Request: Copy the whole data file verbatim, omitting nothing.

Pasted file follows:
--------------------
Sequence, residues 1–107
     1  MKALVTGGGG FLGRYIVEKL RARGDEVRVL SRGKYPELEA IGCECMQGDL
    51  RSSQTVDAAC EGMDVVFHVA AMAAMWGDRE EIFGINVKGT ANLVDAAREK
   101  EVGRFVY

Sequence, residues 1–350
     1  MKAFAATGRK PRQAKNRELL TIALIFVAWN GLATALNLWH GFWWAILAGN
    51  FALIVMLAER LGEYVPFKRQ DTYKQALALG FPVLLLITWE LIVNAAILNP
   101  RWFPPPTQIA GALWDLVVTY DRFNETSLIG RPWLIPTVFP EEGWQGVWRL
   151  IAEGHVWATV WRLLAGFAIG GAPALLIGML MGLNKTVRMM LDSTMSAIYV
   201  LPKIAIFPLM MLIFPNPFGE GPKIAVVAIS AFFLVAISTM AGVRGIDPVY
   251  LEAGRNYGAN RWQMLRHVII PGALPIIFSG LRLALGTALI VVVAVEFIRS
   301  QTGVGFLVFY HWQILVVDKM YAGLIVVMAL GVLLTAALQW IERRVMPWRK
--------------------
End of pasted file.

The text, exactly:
Sequence, residues 1–107
     1  MKALVTGGGG FLGRYIVEKL RARGDEVRVL SRGKYPELEA IGCECMQGDL
    51  RSSQTVDAAC EGMDVVFHVA AMAAMWGDRE EIFGINVKGT ANLVDAAREK
   101  EVGRFVY

Sequence, residues 1–350
     1  MKAFAATGRK PRQAKNRELL TIALIFVAWN GLATALNLWH GFWWAILAGN
    51  FALIVMLAER LGEYVPFKRQ DTYKQALALG FPVLLLITWE LIVNAAILNP
   101  RWFPPPTQIA GALWDLVVTY DRFNETSLIG RPWLIPTVFP EEGWQGVWRL
   151  IAEGHVWATV WRLLAGFAIG GAPALLIGML MGLNKTVRMM LDSTMSAIYV
   201  LPKIAIFPLM MLIFPNPFGE GPKIAVVAIS AFFLVAISTM AGVRGIDPVY
   251  LEAGRNYGAN RWQMLRHVII PGALPIIFSG LRLALGTALI VVVAVEFIRS
   301  QTGVGFLVFY HWQILVVDKM YAGLIVVMAL GVLLTAALQW IERRVMPWRK